The secret behind the world’s largest seed is leaves that serve as good gutters. During rains, they channel lots of water and nutrients right to the plant’s thirsty roots.
Coco-de-mer palms (Lodoicea maldivica) produce these monster nuts, which are a type of seed. The biggest can tip the scales at up to 18 kilograms (roughly 40 pounds). That’s about as much as a 4-year-old boy. Yet the palm outperforms all other plants — at least in seed heft — with a below-poverty diet. These plants grow wild on nutrient-starved, rocky soil on just two islands in the Seychelles. (They’re part of an arc of some 115 islands in the Indian Ocean, off of the East Coast of Africa.)
Christopher Kaiser-Bunbury works for the Seychelles Islands Foundation. Despite a scarcity of nutrients to fuel its growth, a palm forest is “magnificent — it’s like a dinosaur could come around the corner,” he says. Winds can jostle hectares (acres) of stiff leaves. This makes a sound he describes as “crackling.”
Nitrogen and phosphorus are two natural fertilizers — nutrients — that these (and other plants) need. There isn’t much of either on the islands where these palms grow. So the plants are frugal. They sprout fronds using only about one-third the nutrients needed by leaves of 56 neighboring species of trees and shrubs. What’s more, coco-de-mer palms scavenge a lot of the nutrients shed in their own dying leaves. These trees can reuse 90 percent of that prized phosphorus from the fronds it’s about to drop. That’s a record for the plant world, report Kaiser-Bunbury and his colleagues in the May New Phytologist.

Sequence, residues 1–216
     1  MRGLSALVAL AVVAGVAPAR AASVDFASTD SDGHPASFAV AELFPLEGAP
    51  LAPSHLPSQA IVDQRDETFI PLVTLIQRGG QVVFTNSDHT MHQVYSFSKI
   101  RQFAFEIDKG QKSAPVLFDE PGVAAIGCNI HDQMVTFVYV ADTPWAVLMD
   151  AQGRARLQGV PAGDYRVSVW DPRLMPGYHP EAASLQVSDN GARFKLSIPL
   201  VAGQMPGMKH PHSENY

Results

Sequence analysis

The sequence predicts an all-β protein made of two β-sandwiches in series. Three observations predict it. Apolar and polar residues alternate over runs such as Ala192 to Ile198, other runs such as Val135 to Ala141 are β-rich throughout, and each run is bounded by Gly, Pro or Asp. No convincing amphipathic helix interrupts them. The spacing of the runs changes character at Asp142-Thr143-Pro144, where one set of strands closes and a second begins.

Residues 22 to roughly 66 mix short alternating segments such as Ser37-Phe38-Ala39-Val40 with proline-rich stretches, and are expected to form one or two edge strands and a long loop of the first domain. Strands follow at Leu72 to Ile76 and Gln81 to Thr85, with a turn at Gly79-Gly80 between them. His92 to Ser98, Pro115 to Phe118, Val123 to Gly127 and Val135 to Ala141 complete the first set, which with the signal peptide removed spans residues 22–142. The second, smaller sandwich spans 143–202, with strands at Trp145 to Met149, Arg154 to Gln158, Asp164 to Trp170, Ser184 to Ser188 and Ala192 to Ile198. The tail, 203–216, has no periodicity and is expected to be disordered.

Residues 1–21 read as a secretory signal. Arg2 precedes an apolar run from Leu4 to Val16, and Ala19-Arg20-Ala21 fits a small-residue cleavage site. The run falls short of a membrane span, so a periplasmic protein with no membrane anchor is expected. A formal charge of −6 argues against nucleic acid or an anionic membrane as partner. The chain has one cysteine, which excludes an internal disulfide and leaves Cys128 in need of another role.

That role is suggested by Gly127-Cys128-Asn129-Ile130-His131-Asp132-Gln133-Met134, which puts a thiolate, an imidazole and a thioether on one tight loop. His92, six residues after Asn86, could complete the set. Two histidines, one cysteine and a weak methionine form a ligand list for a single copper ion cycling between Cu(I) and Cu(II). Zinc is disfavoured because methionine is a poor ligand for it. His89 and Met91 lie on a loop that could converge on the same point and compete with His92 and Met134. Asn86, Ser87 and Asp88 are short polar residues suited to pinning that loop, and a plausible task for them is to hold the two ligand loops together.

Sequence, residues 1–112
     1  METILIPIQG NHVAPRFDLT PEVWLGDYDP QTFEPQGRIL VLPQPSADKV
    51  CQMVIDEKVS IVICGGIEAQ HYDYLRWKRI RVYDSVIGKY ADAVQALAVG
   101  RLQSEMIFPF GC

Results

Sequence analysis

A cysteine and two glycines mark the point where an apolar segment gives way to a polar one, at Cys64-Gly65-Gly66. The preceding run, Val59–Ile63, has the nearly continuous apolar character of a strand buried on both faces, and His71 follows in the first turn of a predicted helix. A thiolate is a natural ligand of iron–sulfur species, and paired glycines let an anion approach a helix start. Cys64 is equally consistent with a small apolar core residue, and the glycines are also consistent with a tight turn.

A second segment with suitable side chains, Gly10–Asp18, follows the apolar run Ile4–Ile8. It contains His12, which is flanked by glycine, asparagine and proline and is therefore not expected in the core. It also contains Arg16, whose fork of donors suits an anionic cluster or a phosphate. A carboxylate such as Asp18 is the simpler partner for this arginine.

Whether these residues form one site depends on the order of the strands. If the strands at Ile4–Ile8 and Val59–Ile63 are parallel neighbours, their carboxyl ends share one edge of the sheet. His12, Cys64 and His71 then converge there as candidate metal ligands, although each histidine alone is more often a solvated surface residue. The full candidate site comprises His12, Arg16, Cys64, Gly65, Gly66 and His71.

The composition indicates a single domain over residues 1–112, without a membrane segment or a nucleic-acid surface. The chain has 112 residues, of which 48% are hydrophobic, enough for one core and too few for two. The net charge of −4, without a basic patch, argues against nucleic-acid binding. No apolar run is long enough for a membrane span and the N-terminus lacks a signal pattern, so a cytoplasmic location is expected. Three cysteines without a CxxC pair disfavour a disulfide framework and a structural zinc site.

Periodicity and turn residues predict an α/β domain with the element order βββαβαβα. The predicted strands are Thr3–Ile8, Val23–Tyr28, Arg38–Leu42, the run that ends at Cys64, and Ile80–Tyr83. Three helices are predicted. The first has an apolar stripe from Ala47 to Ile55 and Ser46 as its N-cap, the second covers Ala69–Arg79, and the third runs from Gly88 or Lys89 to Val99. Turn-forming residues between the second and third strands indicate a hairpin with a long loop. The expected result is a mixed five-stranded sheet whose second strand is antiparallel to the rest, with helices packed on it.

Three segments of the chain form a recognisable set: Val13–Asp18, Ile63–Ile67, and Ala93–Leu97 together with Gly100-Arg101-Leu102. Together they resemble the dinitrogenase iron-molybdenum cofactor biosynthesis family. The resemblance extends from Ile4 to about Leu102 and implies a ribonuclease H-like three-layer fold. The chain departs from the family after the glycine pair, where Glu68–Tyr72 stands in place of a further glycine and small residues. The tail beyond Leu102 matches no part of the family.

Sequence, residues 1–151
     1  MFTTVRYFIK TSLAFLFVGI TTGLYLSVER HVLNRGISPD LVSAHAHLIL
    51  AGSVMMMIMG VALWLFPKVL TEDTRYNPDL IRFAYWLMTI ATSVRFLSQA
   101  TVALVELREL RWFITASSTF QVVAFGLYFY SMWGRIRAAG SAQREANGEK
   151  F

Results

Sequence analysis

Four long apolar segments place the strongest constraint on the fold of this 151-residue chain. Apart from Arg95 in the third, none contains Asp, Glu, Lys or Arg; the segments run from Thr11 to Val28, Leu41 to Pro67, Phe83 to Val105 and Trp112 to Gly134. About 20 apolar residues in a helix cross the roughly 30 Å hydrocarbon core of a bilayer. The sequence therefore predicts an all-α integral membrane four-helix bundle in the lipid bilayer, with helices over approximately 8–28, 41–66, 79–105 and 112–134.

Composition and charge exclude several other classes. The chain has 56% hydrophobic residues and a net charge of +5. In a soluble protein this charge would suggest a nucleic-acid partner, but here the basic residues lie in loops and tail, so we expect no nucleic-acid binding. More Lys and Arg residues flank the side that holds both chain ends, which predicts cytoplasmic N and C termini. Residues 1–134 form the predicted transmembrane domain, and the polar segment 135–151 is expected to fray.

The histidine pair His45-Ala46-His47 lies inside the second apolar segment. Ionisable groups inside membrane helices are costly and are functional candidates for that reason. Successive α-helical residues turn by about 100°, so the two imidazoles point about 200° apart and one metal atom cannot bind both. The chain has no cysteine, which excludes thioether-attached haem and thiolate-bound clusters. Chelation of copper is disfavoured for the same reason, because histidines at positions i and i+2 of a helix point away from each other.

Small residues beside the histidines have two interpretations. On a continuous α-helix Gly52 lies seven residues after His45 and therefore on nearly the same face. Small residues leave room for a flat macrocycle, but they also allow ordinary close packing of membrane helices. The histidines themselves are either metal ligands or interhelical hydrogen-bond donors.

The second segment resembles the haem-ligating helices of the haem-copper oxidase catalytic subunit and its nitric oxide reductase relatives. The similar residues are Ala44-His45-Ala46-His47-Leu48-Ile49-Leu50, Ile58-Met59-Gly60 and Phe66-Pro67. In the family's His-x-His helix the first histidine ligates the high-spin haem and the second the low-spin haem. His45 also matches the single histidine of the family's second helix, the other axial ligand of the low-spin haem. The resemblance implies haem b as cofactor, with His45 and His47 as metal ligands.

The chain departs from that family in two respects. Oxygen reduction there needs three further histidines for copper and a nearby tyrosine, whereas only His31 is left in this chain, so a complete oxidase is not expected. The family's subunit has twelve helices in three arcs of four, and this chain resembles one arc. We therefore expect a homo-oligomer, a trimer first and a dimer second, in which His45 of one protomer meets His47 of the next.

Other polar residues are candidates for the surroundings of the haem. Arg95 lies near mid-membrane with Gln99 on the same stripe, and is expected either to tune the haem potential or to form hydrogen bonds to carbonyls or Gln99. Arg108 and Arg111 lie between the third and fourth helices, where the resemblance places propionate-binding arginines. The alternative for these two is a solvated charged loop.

Creating its monster seeds uses up about 85 percent of this plant’s supplies of phosphorus, the biologists estimate. And the palms manage this, the researchers conclude, thanks to drainage. The palm’s curving leaves easily can span 2 meters (6.6 feet). Creases in them make the leaves resemble folded paper fans. Any rains falling on them will funnel down the stems. That water washes animal droppings, stray pollen and other materials — a nutrient windfall — off of the palm and onto its hungry roots.
Each giant seed takes a long time to grow, about six years. But that won’t happen until the palm first reaches plant “puberty.” On the nutrient-poor ground, this reproductive coming-of-age may take 80 to 100 years. Only then can one of these palms yield its first seed. Throughout a female coco-de-mer palm’s life of several hundred years, it may bear only about 100 seeds.
Few of those monster coconuts will get a chance to replenish the dwindling coco-de-mer forests, however. Kaiser-Bunbury calculates that 20 to 30 percent of the endangered species’ seeds must sprout to keep the forests growing and healthy. But that hasn’t been happening. Nut poachers have been illegally kidnapping the seeds. Then they grind them into a powder that they sell.